If you are currently creating a new website or have a graphic designer who can create some of these elements for you, the best case scenario is to use these new tools to brand your Facebook page so that it looks like it belongs to your website.

Have you tried to make these changes yet? What challenges have you come across?

Wednesday, March 14, 2012

Quick Tutorial on How to Schedule Posts

YouTube Video

How to Schedule posts on Twitter, Facebook and LinkedIn. Video created for the MPISCC ROC your ROI EdCon committee.

Monday, March 5, 2012

How to build up your personal brand

Employers will Google you before they even invite you to an interview. (Your current employer probably has an eye on what you’re doing, too.) And when you interact with people, both online and offline, they’ll build up an image of who you are over time... http://www.theglobeandmail.com/report-on-business/careers/career-advice/career-tips/how-to-build-up-your-personal-brand/article2339916/

Friday, February 24, 2012

Do you know what people see about you online?

5 Ways To Take Back Your Reputation On The Web | Fast Company http://www.fastcompany.com/1815520/5-ways-to-take-back-your-reputation-on-the-web

Monday, February 20, 2012

Baby Boomers and Social Media


The statistics are constantly changing about which demographics are growing on which social networks, so I won’t even bother looking it up now to publish for this article – because it will change tomorrow! What doesn’t change, and what is harder to measure, is the possibility of personality having more to do with social network adoption than age.

It was enlightening for me to be in a session with non-twitter users when they were asked what they thought of the twitter wall in the room. (For those of you who have not seen it, a screen in a session will be dedicated to the conversation happening on twitter about the conference while it is happening.) One attendee commented that the twitter users seemed very narcissistic. This was the perfect a-ha moment for me because what she was feeling went beyond the typical complaint of "I don't want to know what you had for breakfast". The twitter community at this event had been using the event's hashtag for socializing. They were complimenting each other, teasing each other and sharing pictures of each other. However, to someone outside of that circle, it would seem narcissistic.

One session I attended talked about generation Y using social media for personal gain and generation X using it for professional gain. As a general rule, I think this is true. Baby boomers signed up for Facebook initially to keep tabs on their kids and so their original motivation was personal use. Many of them struggle with the idea of using Facebook for professional networking. I would say that if you are “friends” with people in your industry and truly have relationships with them, why would they be any different from friends outside of work? It will be interesting to test out Google+ Circles to see if this solves this dilemma for them. Most baby boomers are not interested in Twitter because they have not seen a strong enough reason for them to explore it. Until you feel like you are missing out on something, you are going to keep your distance.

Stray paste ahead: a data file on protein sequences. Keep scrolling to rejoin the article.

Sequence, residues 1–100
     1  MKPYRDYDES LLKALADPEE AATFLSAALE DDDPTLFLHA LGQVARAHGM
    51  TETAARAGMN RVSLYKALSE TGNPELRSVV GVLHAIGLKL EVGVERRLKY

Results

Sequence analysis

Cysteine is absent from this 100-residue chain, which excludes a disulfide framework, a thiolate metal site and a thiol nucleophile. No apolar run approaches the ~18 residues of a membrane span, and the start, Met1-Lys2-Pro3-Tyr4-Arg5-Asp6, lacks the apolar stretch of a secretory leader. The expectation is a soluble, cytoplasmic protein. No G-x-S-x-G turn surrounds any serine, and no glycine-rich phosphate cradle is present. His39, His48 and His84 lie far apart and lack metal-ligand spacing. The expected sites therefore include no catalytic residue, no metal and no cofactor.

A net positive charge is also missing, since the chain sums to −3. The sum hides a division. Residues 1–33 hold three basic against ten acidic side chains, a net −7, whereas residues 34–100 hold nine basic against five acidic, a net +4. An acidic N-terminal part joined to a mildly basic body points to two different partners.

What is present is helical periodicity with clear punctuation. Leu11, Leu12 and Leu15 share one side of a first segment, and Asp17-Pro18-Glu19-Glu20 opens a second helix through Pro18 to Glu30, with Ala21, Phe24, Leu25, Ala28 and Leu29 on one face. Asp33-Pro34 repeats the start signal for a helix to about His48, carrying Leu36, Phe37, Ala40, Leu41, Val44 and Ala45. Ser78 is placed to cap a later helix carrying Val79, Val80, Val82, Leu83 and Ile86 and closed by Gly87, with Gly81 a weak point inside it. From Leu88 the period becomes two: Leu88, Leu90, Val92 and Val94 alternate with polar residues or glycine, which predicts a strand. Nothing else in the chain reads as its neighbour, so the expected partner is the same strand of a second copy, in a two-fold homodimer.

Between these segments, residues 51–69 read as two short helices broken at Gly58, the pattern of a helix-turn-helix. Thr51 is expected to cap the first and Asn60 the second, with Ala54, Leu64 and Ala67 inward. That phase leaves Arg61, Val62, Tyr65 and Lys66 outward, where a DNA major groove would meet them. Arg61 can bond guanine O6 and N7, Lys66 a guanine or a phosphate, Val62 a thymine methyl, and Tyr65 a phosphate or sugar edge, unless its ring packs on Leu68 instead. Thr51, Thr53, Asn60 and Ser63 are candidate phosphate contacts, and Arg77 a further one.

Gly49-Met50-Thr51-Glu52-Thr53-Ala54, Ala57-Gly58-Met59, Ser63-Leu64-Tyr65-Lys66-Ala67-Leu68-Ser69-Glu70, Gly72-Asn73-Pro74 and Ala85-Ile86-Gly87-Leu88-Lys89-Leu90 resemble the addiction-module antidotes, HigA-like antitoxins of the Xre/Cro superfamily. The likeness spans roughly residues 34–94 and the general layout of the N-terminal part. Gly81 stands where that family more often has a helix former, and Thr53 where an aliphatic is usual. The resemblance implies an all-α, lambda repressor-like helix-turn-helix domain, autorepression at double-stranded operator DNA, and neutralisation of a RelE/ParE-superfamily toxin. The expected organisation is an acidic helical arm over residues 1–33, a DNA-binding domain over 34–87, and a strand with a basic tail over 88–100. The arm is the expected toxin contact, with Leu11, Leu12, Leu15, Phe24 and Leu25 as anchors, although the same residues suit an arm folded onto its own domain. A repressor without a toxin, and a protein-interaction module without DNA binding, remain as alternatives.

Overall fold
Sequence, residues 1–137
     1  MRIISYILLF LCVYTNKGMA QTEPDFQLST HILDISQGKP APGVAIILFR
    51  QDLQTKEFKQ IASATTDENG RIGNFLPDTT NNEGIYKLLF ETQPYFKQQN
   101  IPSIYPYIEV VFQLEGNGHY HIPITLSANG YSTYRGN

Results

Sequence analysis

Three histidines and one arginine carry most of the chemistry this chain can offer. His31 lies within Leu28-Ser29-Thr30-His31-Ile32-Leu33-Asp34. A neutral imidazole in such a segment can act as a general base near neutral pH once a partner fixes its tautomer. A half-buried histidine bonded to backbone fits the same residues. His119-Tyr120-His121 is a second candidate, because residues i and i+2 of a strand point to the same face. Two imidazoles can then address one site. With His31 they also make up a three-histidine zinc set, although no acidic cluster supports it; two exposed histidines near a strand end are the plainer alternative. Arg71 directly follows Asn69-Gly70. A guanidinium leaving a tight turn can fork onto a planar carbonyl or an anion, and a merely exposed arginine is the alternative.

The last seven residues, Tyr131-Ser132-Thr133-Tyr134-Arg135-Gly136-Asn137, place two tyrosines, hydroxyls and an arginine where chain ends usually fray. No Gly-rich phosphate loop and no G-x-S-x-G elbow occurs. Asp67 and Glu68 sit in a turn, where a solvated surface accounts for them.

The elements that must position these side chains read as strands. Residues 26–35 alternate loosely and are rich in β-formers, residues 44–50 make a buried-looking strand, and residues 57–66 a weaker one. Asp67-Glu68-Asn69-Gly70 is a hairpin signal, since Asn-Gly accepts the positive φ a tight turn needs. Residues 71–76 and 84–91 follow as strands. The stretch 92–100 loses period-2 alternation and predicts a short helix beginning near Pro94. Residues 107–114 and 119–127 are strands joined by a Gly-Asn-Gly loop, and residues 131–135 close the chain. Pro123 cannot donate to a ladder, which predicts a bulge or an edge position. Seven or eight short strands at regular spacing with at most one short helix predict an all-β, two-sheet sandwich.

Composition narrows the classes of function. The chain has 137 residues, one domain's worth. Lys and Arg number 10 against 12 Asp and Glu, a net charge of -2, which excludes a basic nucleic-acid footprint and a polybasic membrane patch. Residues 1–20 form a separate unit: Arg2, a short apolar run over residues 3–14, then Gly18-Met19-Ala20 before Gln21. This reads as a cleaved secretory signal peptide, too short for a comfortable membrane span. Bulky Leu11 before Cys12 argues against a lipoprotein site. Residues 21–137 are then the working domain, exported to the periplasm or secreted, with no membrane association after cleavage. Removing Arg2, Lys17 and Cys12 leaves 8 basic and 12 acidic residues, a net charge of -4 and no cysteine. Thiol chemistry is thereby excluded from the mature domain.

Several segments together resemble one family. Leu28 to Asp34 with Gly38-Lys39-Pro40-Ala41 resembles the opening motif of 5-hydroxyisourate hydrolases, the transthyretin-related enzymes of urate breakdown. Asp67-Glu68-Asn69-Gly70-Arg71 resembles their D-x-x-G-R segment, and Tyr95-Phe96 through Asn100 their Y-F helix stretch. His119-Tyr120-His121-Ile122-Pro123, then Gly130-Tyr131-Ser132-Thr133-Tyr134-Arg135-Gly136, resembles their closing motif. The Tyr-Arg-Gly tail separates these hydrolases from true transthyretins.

These are the stereotypes that are easy to make. However, if you do some research about your stakeholders and which social networks they are using, you might be surprised.

Monday, February 13, 2012

Branding vs. Personal Branding

...Developing a personal brand is no less rewarding or intensive than product branding. Daily effort must be made to increase one’s network, refine one’s messaging, and foster relationships that lead other professionals to trust and refer business. http://badforthebrand.com/professional-development/branding-vs-personal-branding

Wednesday, February 8, 2012

Are you learning from your peers?


The reason we attend industry association conferences is to learn best practices so we can make our own events better. Are you paying attention to how your peers are using social media at these events? Your attendees will not necessarily use social media in the same way your peers do at our industry association conferences. However, it might be worth noting how the community has evolved.

Now that I have attended two of the major association conferences in our industry, I can compare and contrast the communities. The first thing worth pointing out is that the most influential tweeters can be found at both events. They typically attend more than one professional development conference on a national or international level. This might seem obvious because if they are successful networkers offline, then they are probably successful networkers online. Is the same true of your constituents?

Our industry is also lucky enough to have a “non-partisan” hashtag on Twitter. This means that there is a place for us to have conversations on Twitter that is not tied to one of the industry associations. This has connected the people who only attend events sponsored by one association, or are not able to attend any of these professional development conferences. Are you paying attention to the hashtags that your constituents are using or are your organization’s hashtag the one they go to?